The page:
Australia coach Justin Langer looked to movie star Will Smith for inspiration Thursday as he readied his team for a tough six months of fixtures, greatly complicated by the coronavirus pandemic.
The men's team depart on Sunday for a limited-overs tour of England, their first cricket since March, kicking off what is likely to be a testing period.
With the coronavirus still gripping England, they will play in bio-secure hubs with their movements and contacts strictly limited.
On their return to Australia, the team will go into a 14-day quarantine, with the prospect of further biosecurity bubbles a real possibility through the home summer when they are due to host India and Afghanistan.
With border closures and coronavirus-related restrictions in Australia, and coronavirus still at large, Langer said challenges were inevitable -- and he told his team to follow the lead of "Men In Black" star Smith.
"We might not be able to see our families because we need to keep the show on the road," Langer said in a Zoom call.
"Some of our best players might have to miss some international cricket, so they can spend some time seeing families.
"It's so complicated... we are going to need our depth," he added, and cited a comment from a Smith interview.
"The old Will Smith saying: 'we've got to stay ready so we don't have to get ready'. Wherever it comes up, we'll be ready."
Australia are taking a 21-man squad to England, bigger than usual, for added flexibility as there is no chance of extra players being called into the bubble if injuries strike.
It could be similar during the blockbuster series against India with large squads in isolation, meaning fewer players are available for domestic cricket like the Big Bash League and Sheffield Shield.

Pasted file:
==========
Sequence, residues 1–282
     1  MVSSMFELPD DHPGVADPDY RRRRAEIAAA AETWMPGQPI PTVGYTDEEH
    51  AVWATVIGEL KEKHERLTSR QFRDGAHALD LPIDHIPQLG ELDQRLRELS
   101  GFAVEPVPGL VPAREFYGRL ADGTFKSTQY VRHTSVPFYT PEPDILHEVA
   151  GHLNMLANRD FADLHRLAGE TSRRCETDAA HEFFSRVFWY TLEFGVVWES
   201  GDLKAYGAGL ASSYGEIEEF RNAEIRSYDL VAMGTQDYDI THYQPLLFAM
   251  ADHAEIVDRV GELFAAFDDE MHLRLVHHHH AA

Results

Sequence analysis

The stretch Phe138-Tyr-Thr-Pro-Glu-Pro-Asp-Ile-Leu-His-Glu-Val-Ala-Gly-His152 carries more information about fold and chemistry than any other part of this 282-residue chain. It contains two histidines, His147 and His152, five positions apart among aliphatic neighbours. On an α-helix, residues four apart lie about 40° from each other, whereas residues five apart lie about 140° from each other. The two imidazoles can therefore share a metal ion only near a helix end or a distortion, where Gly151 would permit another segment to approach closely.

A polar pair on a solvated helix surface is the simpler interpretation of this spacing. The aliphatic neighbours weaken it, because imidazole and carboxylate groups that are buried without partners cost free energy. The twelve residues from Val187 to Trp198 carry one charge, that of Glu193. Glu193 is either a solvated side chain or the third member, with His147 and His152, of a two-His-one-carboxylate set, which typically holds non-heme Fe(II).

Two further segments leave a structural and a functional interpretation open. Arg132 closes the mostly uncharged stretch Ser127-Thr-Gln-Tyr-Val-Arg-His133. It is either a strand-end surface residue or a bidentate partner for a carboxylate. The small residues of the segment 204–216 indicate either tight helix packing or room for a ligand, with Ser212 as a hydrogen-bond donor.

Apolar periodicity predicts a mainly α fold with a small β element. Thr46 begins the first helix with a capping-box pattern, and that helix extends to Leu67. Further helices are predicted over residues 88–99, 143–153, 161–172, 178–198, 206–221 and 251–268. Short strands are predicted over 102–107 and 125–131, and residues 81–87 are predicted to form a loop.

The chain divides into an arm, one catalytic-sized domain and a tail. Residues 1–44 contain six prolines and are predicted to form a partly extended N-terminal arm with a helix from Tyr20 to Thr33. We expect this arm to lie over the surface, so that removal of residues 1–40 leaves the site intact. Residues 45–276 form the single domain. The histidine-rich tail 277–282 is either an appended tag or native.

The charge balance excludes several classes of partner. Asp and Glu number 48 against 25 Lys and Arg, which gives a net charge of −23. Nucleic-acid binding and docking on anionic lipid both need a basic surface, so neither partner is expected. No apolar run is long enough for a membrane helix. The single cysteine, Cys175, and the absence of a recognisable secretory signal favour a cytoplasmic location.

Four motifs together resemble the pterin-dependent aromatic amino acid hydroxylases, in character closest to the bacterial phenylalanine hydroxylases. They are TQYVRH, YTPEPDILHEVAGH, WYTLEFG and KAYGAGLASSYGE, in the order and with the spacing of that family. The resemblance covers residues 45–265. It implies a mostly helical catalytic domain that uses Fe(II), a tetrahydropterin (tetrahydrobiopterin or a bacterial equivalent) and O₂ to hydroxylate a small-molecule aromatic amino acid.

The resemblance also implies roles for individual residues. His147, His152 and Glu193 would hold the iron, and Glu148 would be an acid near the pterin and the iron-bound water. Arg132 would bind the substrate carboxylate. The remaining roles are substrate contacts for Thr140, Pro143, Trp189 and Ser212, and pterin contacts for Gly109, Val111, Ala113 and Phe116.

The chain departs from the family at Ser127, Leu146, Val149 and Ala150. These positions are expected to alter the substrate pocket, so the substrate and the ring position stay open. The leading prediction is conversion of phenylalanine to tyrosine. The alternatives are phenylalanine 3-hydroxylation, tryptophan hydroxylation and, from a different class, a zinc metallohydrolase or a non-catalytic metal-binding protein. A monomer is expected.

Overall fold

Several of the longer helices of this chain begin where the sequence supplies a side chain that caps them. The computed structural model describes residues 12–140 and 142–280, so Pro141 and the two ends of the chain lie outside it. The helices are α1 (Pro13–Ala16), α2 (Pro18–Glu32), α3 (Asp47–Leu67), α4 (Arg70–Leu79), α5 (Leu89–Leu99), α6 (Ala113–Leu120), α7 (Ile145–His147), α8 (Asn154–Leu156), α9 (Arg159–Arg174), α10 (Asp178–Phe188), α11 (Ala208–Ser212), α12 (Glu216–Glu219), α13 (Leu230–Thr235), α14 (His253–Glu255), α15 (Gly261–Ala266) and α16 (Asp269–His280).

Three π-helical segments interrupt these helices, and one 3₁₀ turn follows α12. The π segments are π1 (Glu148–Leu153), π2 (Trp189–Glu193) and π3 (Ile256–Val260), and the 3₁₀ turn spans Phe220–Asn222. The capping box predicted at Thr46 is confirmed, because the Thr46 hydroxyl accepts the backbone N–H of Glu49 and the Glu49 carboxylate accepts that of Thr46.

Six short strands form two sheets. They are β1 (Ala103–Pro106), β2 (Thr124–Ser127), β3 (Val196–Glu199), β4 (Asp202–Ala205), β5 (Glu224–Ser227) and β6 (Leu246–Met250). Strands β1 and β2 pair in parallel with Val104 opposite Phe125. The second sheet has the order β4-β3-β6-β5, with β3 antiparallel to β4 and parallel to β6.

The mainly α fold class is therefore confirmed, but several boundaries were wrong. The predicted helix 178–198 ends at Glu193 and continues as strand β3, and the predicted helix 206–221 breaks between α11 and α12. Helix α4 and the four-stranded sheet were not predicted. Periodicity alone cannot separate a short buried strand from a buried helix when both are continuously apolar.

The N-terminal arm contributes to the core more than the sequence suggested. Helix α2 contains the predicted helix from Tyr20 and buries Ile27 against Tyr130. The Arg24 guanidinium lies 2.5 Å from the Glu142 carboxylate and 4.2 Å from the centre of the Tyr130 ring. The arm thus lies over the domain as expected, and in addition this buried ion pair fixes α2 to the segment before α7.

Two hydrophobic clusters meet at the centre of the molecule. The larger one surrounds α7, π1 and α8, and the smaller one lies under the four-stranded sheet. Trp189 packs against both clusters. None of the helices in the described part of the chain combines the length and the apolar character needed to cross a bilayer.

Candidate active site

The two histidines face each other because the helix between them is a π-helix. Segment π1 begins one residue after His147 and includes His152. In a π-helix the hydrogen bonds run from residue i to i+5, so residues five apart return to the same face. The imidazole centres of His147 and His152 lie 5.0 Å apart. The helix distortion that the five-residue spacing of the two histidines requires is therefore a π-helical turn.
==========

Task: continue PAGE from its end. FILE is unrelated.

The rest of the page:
"Within Australian cricket, we have to work together on this and there will be bigger squads required for different reasons," Langer said.
"If we've got to have bigger squads because we can't have guys come in and out like the 13th or 12th man who goes off and plays Shield cricket... there's a compromise."
Venues for the summer Test series are yet to be locked in.
Melbourne is currently the worst-affected city in Australia by COVID-19, putting the Boxing Day Test there under threat.
Reports have suggested Adelaide is the frontrunner to host the December 26-30 clash if Melbourne cannot, although Sydney has also said it is keen.
Adelaide and Perth have been floated as possibilities for hosting multiple summer Tests, as both cities have largely escaped the pandemic and have hotels adjacent to their grounds.
"What's so crucial is that we get the men's internationals up and running, we get the Big Bash up and running, some of the women's internationals and women's Big Bash up and running," said Langer.
"They are crucial for the health of our game."